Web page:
VA policy change helps female vets with PTSD
Posted : Tuesday Nov 9, 2010 20:09:11 EST
PHOENIX — Brittany Hodge and Sabrina O'Connell are both Army veterans traumatized while serving overseas.
After discharge, they suffered from nightmares, migraines, insomnia, fear of crowds and panic attacks — typical symptoms of post-traumatic stress disorder.
But while Hodge, 24, holds down a job, enjoys going out with friends and has plans for college and a career, O'Connell, 41, remains crippled by anxiety.
The difference in the their lives is least in part because of the way military doctors and the Department of Veterans Affairs have traditionally diagnosed and treated war-traumatized soldiers — and female soldiers in particular.
Because Hodge could point to a key traumatic incident — an arson fire she helped fight in a military-housing unit — she was diagnosed with PTSD and is getting ongoing treatment. O'Connell endured the ongoing stresses of a combat zone but could not point to a specific traumatic incident and could not receive a PTSD diagnosis.
In July, President Barack Obama announced a new process that could open the door to treatment for O'Connell and tens of thousands of other veterans whose medical and disability claims have been rejected.
Previously, the Department of Veterans Affairs required veterans filing disability claims or seeking treatment for post-traumatic stress disorder to document what caused their stress. If a veteran couldn't document the specific event or events, PTSD benefits were denied.
Now, any veterans who ask for a PTSD screening will receive one. If they have PTSD symptoms, the VA says it will assume those symptoms were caused by stress during their service and give them treatment.
The new policy is expected to benefit women in particular because they typically play support roles in war instead of being directly involved in battles.
"People always think about the guys," O'Connell said. "They think women are just in the back. But even though I was a supply clerk, I was at war, right up there handling things with the guys. We all had our M16s and our chemical masks with us at all times."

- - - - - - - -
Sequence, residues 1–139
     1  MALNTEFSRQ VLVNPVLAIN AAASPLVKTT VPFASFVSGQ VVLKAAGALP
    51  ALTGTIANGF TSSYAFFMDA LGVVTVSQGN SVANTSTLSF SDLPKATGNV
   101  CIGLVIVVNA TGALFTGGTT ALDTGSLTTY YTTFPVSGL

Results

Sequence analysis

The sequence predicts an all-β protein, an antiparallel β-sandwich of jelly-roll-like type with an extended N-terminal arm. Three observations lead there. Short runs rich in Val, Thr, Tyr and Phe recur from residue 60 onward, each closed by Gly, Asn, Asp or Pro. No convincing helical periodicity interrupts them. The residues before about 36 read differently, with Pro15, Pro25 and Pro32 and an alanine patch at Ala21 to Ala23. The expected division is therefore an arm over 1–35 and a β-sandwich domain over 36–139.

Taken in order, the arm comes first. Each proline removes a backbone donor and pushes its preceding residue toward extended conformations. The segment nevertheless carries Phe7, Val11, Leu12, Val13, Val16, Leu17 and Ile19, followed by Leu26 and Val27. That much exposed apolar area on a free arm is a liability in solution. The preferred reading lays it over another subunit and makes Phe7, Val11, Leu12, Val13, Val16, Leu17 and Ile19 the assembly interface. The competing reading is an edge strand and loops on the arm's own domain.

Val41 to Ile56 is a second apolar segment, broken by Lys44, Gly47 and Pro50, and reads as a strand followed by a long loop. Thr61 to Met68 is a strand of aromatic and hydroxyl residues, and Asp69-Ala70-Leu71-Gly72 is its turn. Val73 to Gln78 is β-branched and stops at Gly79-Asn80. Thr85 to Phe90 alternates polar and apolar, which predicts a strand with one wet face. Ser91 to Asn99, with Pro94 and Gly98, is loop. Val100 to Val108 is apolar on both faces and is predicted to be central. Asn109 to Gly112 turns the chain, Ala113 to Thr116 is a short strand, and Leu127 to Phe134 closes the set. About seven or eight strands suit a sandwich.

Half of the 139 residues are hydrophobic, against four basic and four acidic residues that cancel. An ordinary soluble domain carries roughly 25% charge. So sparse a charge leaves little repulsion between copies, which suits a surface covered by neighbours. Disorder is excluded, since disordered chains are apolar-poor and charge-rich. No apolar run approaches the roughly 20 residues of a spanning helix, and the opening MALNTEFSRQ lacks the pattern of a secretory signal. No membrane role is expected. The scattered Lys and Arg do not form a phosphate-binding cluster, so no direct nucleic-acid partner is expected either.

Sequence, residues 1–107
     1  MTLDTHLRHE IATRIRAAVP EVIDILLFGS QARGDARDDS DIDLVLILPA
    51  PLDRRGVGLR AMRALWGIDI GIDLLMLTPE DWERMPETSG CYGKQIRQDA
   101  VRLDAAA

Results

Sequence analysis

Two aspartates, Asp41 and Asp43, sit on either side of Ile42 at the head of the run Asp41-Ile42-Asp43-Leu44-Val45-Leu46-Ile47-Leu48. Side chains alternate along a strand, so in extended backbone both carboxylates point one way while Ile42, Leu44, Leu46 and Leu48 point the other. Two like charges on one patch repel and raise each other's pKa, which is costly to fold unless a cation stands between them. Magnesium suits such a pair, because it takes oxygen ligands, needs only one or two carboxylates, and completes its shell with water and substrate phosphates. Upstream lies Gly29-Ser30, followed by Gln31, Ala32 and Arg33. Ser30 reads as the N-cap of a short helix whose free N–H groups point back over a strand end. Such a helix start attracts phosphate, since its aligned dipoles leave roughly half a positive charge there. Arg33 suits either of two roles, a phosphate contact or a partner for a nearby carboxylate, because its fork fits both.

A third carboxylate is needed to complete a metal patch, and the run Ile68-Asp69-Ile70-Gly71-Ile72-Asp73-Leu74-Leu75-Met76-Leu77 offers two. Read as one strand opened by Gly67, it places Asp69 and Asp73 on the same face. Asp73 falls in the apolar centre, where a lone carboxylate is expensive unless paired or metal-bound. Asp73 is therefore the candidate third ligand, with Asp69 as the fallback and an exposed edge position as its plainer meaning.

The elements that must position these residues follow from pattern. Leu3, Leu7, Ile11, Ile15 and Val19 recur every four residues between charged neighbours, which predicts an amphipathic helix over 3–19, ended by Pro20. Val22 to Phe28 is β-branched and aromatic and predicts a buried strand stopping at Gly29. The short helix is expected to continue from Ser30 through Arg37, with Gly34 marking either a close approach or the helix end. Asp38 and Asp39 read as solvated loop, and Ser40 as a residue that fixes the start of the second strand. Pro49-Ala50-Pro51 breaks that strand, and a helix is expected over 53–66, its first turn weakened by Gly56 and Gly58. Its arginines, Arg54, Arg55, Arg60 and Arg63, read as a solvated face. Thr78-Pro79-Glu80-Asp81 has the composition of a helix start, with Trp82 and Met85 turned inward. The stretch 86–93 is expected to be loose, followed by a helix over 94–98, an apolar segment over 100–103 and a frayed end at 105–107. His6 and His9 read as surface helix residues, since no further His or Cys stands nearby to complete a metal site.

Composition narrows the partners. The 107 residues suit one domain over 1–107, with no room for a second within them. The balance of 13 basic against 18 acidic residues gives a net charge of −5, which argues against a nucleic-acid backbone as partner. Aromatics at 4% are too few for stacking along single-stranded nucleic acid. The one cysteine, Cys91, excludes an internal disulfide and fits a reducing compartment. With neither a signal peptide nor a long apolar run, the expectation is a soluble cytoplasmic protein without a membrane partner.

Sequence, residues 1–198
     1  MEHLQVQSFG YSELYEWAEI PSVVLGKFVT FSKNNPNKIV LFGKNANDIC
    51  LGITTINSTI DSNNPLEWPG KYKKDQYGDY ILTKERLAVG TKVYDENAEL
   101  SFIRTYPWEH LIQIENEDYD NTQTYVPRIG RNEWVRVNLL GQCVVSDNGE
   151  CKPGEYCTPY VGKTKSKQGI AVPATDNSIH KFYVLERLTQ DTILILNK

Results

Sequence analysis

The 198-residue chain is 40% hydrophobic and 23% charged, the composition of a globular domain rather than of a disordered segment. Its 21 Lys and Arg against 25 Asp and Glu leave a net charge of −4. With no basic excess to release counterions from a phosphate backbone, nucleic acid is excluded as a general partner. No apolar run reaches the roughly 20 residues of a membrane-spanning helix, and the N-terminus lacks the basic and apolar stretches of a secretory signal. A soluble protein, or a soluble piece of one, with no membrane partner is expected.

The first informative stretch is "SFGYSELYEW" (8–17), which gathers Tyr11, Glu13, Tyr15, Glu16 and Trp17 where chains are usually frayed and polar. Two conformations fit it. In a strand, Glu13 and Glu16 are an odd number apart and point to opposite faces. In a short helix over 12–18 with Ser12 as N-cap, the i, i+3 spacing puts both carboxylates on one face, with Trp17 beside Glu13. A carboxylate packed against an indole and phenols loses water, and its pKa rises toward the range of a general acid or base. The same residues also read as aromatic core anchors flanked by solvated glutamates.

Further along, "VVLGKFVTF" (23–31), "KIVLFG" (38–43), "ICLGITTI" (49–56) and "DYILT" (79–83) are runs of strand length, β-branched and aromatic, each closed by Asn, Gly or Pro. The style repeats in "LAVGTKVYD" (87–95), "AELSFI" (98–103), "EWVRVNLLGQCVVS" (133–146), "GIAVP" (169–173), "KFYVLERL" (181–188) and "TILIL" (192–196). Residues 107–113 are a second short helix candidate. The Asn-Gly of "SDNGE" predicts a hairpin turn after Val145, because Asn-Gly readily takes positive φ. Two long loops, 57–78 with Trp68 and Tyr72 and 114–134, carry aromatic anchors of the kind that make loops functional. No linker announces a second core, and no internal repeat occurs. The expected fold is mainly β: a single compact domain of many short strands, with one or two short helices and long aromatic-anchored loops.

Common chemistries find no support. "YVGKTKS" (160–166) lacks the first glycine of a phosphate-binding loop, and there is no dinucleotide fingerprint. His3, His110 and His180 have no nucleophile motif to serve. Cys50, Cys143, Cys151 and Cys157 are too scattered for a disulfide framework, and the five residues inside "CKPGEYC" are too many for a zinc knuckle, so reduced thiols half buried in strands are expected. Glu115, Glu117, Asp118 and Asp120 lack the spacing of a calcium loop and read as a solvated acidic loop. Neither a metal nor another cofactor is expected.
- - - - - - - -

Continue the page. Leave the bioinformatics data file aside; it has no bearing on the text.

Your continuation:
But besides being unable to pinpoint a specific incident that caused her stress, she had another roadblock: a stack of letters from the VA saying she did not qualify for PTSD treatment because her service records were lost.
Such reports frustrate public officials.
"There has been a heavy burden put on the soldiers to prove where they were and exactly what happened when the trauma occurred," said Rep. Harry Mitchell, D-Ariz., chairman of the House Veterans' Affairs Committee's Subcommittee on Oversight and Investigations. "The idea of the new system is to loosen that up."
It is not clear how many veterans nationally will take advantage of the new opportunity, said Paula Pedene, public-affairs officer for the Phoenix VA Health Care System. By some estimates, the new guidelines for PTSD diagnosis could cost the national VA as much as $42 billion in medical and disability payments over the next decade.
Last year, about 319,000 veterans nationally received PTSD treatment, including counseling and medication, according to VA statistics.
An estimated 20 percent of all women and 8 percent of all men develop PTSD at some point during military service, the VA says. Women constitute about 15 percent of today's armed forces. Pedene said the VA primarily is anticipating an increase in veterans who qualify for disability payments under the new policy. But she maintains that the VA should never have barred any patient with PTSD from counseling or medical treatment.
Mental-health experts aren't certain why a higher percentage of women than men develop PTSD symptoms. But Duane Knutson, a former Vietnam Army medic who runs a Chandler, Ariz.-based nonprofit called the United States War Veteran's PTSD Foundation, has some theories.
"Women perform in a support capacity when serving in a combat zone," he said. "They usually don't develop the camaraderie that the combat troops develop. This cohesiveness among the fighting troops creates a certain comfort and trust in the soldier standing next to you. When serving in a support capacity, this cohesiveness never develops and stress levels increase."
Also, Knutson said, most of the female veterans who contact his office to talk about their experiences or get referrals to non-VA doctors for PTSD treatment were sexually assaulted during their time in the military.
"This is the worst trauma to deal with," he said. "When the veteran leaves a combat zone and comes home, he or she leaves the enemy behind. When a woman comes home after being assaulted by another veteran, the threat is still there."
Karen Kattar, a psychologist at the Phoenix VA, said a key symptom of PTSD is a tendency to avoid anything that reminds the veteran of the trauma suffered. Some don't seek psychiatric care or counseling without prodding.
"Probably 98 percent of my patients have PTSD," said Judith Orosz, a social worker who runs a program at the Phoenix VA called post-traumatic growth for survivors of sexual trauma.
"Often when someone is raped, they are told they will be killed if they tell anyone."